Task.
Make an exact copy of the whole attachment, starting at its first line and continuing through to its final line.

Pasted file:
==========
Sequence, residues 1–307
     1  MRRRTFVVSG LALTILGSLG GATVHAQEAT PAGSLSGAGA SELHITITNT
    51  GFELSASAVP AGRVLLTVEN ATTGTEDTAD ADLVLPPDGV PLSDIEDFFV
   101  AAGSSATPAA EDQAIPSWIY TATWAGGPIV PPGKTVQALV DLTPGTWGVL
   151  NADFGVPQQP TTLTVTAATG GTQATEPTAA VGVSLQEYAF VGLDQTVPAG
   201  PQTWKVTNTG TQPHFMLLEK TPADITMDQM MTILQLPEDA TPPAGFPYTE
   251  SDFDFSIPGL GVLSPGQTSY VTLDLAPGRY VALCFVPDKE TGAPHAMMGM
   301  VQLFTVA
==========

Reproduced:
Sequence, residues 1–307
     1  MRRRTFVVSG LALTILGSLG GATVHAQEAT PAGSLSGAGA SELHITITNT
    51  GFELSASAVP AGRVLLTVEN ATTGTEDTAD ADLVLPPDGV PLSDIEDFFV
   101  AAGSSATPAA EDQAIPSWIY TATWAGGPIV PPGKTVQALV DLTPGTWGVL
   151  NADFGVPQQP TTLTVTAATG GTQATEPTAA VGVSLQEYAF VGLDQTVPAG
   201  PQTWKVTNTG TQPHFMLLEK TPADITMDQM MTILQLPEDA TPPAGFPYTE
   251  SDFDFSIPGL GVLSPGQTSY VTLDLAPGRY VALCFVPDKE TGAPHAMMGM
   301  VQLFTVA